DULUTH – The Catalyst Content Festival is returning to Duluth venues this fall, this time with a global reach and local focus.
"The more that we talk to artists, executives and people in the industry around the world, they're telling us they're looking for a new place to live, work and shoot their future projects," said Philip Gilpin Jr., executive director of the nonprofit Catalyst Story Institute that runs the festival. "So we're telling them that is Duluth. Come to Duluth."
Catalyst moved to Duluth from Vermont in 2019 after starting life as the ITV Fest 15 years ago in Los Angeles. The festival's aim is "discovering the world's best episodic shows and talent" and building relationships between creators and the executives who can make their dreams come true.
The fest's first year here drew hundreds of attendees over several days of screenings, workshops and networking.
Last fall's event was completely virtual due to ongoing pandemic restrictions, but Gilpin stayed busy advocating for a $1 million film and TV production incentive in St. Louis County and began a collaboration with the U.S. State Department.
"Duluth has been marketed via the U.S. Embassy as 'America's home of independent storytelling artists,' " Gilpin said. "That's a really big deal."
The State Department's Innovation Station: Creative Industry Lab works with the industry to create new avenues for storytelling, according to the lab. With Catalyst, that means providing new opportunities for episodic (TV and short-form digital) storytellers around the world.
Ten countries were selected this year to connect with Catalyst, and hundreds of submissions have come in so far, Gilpin said.
Duluth Sister Cities International has also partnered with Catalyst to "infuse energy into the growing cultural and economic momentum of Duluth's creative sector while also extending Duluth's creative momentum outward onto a worldwide stage," the group's executive director, Ben Thwaits, said in a statement.
The festival will run Sept. 29 to Oct. 3 at venues including Zeitgeist, the NorShor Theatre, Kitchi Gammi Club and Fitger's. Gilpin said he's trying to work in a block party with local musicians and artists to "really show off the Duluth arts scene" but said the focus will remain on building lasting relationships.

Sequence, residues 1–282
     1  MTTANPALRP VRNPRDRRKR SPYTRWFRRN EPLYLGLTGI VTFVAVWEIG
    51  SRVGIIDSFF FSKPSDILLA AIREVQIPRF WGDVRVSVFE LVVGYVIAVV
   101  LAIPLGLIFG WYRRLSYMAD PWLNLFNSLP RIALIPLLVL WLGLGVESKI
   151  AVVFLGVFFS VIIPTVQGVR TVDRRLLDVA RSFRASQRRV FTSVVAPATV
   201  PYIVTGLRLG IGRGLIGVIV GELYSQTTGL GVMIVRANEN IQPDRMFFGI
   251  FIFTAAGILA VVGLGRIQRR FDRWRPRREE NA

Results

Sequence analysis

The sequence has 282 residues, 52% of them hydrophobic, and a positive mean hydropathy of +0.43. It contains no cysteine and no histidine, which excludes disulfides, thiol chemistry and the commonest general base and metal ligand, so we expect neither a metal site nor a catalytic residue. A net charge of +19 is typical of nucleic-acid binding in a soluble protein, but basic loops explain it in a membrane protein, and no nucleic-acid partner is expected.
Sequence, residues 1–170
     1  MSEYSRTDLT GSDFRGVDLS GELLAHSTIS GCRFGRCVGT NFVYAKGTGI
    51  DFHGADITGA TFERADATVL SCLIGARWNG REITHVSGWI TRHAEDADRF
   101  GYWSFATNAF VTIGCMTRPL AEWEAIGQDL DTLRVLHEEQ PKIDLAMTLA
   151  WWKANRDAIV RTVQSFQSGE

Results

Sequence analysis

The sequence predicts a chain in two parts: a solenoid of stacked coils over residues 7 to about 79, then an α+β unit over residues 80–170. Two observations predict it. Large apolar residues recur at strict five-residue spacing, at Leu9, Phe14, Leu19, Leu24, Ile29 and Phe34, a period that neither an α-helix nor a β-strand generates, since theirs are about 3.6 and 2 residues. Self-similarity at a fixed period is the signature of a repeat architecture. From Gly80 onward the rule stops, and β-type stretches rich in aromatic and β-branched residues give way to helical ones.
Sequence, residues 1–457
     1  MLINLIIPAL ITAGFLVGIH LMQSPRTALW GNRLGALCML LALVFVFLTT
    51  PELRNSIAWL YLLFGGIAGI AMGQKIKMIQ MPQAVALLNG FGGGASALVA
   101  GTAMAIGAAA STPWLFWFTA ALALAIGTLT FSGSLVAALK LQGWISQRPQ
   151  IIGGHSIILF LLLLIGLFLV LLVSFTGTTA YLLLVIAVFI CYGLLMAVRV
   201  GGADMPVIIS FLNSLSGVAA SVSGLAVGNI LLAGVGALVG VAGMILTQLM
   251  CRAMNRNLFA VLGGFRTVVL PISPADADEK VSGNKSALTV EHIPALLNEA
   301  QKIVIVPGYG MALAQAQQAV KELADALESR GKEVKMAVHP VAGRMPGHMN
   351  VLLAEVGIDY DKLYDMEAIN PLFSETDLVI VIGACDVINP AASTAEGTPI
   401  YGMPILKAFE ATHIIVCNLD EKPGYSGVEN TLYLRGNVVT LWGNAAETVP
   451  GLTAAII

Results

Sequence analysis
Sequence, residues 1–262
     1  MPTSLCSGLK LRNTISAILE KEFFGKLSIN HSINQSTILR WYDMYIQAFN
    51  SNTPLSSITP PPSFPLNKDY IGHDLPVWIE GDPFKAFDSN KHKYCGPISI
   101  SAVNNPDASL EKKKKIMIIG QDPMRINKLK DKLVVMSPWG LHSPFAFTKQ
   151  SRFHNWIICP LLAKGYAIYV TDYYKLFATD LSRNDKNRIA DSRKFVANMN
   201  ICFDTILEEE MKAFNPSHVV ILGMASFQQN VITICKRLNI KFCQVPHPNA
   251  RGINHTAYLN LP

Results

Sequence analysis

"The festival is coming back, but the shift has been away from just a festival event to more broadly this global story institute, for which Duluth is the home," Gilpin said. "When it comes to making Duluth known on a global stage for independent storytelling, that's where the partnerships and year-round institute come into play."
St. Louis County's $1 million production incentive program that was established last year also aims to "foster the local organic growth of the production industry talent and workforce," according to the Upper Midwest Film Office, which runs the program.
"We are absolutely getting on the map," said Riki McManus, the organization's director. "What Catalyst did for our area is get all these eyes that are put on the region, and we are benefiting from that right now. And the reach is even farther with this international piece."
The Minnesota Legislature has set aside $500,000 annually in a bill for statewide production incentives, which advocates say need to be increased to lure productions here. Minnesota missed out on hosting Disney's new "Mighty Ducks" series in part because of a lack of such tax breaks or refunds.
"It really puts us on the same playing field as other states," McManus said. "This is the fastest form of job creation post-COVID there is."
Brooks Johnson • 218-491-6496